The Government's Autumn Statement 2015 announced two proposals that, if implemented, will significantly affect the personal injury market.

Firstly, Chancellor George Osborne announced plans to increase the small claims track limit for personal injury claims from £1,000 to £5,000. If the new limit is introduced, any claim with an overall value of less than £10,000 and where the injury element (including clinical negligence) is valued at less than £5,000 will be dealt with in the small claims track - limiting the claimant's ability to recover solicitors' costs to £70 - £80.

The outcome of these proposals is likely to be an annual £1billion saving to the insurance industry. In his speech Mr Osborne indicated that he expected the industry to pass on this saving, so that motorists see an average saving of £40 - £50 per year off their insurance bills.

The increase in the small claims track limit for personal injury has been on the cards for many years and all previous government have resisted it. Is this positive news for Defendants and their insurers?

The Forum of Insurance Lawyers ("FOIL") has said ‘FOIL is committed to the removal of excessive costs from the litigation system, tackling abuse of damages for financial loss and tackling fraud’.

The Claimant lobby, represented by the Association of Personal Injury Lawyers ("APIL") points out that since the overhaul of medical reporting and introduction of a portal for claims, whiplash claims have fallen by more than a third. APIL president Jonathan Wheeler said ‘If the small claims court limit is raised to £5,000 all that will happen is that genuine victims of injury will not be able to afford the legal help they need to bring genuine claims.’

What options are open to Claimants in these cases? It is likely that Claimant lawyers will still offer to carry out the work and will offer a Damages Based Agreement to the Claimant which could be more profitable to the lawyer than the current fixed recoverable fees with a CFA. There will still be firms willing to take these cases on for a "slice" of the award. The other option to a Claimant who wants to preserve 100% of their award would be to act as a litigant in person. This might enable compensators to negotiate lower settlement sums, but the impact of increased litigants in person on the insurance industry and the already strained court system may bring its own challenges.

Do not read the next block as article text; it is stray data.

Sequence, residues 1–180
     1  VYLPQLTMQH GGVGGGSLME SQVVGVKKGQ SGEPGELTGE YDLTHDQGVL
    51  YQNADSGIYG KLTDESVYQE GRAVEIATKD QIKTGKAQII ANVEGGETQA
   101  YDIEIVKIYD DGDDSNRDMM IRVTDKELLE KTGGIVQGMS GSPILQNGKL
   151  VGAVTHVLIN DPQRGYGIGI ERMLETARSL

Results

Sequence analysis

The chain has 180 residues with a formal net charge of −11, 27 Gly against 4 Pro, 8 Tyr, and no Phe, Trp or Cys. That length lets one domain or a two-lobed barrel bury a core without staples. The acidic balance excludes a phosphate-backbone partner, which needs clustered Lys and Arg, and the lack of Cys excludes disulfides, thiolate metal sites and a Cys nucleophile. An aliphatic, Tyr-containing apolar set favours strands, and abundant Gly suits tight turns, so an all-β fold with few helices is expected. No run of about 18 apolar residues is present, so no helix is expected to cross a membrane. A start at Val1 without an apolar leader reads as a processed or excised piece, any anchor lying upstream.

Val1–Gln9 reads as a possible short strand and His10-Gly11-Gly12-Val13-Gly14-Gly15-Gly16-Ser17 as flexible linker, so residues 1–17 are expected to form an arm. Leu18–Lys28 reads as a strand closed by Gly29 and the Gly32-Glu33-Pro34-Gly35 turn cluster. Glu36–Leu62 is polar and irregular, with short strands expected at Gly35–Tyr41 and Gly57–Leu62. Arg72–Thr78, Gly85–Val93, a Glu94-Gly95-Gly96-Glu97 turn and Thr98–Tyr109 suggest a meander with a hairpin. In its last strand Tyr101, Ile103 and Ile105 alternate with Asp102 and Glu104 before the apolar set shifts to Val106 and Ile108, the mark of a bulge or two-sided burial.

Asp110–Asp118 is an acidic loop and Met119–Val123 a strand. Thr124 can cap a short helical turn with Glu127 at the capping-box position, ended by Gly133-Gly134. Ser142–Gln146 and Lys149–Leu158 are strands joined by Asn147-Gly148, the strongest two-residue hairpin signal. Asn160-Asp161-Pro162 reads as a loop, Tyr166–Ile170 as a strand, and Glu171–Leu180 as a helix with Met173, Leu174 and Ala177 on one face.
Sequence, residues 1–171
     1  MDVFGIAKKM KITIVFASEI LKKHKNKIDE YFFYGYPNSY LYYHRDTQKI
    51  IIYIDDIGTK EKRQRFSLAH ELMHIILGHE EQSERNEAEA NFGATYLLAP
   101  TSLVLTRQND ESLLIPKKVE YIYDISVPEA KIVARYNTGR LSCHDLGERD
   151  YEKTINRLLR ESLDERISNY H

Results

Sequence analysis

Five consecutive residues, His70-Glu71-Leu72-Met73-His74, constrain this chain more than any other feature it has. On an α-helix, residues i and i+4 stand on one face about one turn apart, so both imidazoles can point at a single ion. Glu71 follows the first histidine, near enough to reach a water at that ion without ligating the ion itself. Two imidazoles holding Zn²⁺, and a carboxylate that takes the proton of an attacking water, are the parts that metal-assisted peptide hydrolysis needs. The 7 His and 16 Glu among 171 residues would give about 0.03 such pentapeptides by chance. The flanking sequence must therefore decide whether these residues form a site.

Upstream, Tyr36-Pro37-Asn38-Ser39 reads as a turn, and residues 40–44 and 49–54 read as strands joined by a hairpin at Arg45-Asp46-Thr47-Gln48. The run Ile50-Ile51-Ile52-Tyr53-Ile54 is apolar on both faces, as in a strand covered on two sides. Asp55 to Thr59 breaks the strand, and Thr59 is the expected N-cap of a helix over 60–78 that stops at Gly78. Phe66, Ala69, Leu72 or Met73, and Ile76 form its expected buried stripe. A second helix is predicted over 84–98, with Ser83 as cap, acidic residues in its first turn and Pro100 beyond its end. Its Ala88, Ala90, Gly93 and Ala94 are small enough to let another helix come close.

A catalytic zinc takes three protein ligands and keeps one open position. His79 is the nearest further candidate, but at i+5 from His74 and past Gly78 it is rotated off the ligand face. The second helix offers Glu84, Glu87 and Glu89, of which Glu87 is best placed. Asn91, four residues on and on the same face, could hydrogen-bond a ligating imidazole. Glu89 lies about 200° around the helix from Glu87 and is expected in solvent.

Secondly, and perhaps more surprisingly the Chancellor announced plans to scrap compensation for "minor" soft tissue injuries. If implemented, this will represent a major change to the law relating to personal injury. It will be the first time in England and Wales that a tort will carry no cause of action. The proposal prohibits courts from awarding general damages for pain, suffering and loss of amenity in minor soft tissue injuries. Claimants suffering such injuries will only be able to claim for “special damages”, including the cost of medical treatment for their injuries and any loss of earnings.

Unfortunately, the Chancellor did not clarify the definition of "minor". The Government is due to consult on the details of this proposal in the new year and we can expect further information at this stage. Hopefully any legislation drafted to implement this change will be carefully worded, or we can envisage a raft of satellite litigation … watch this space!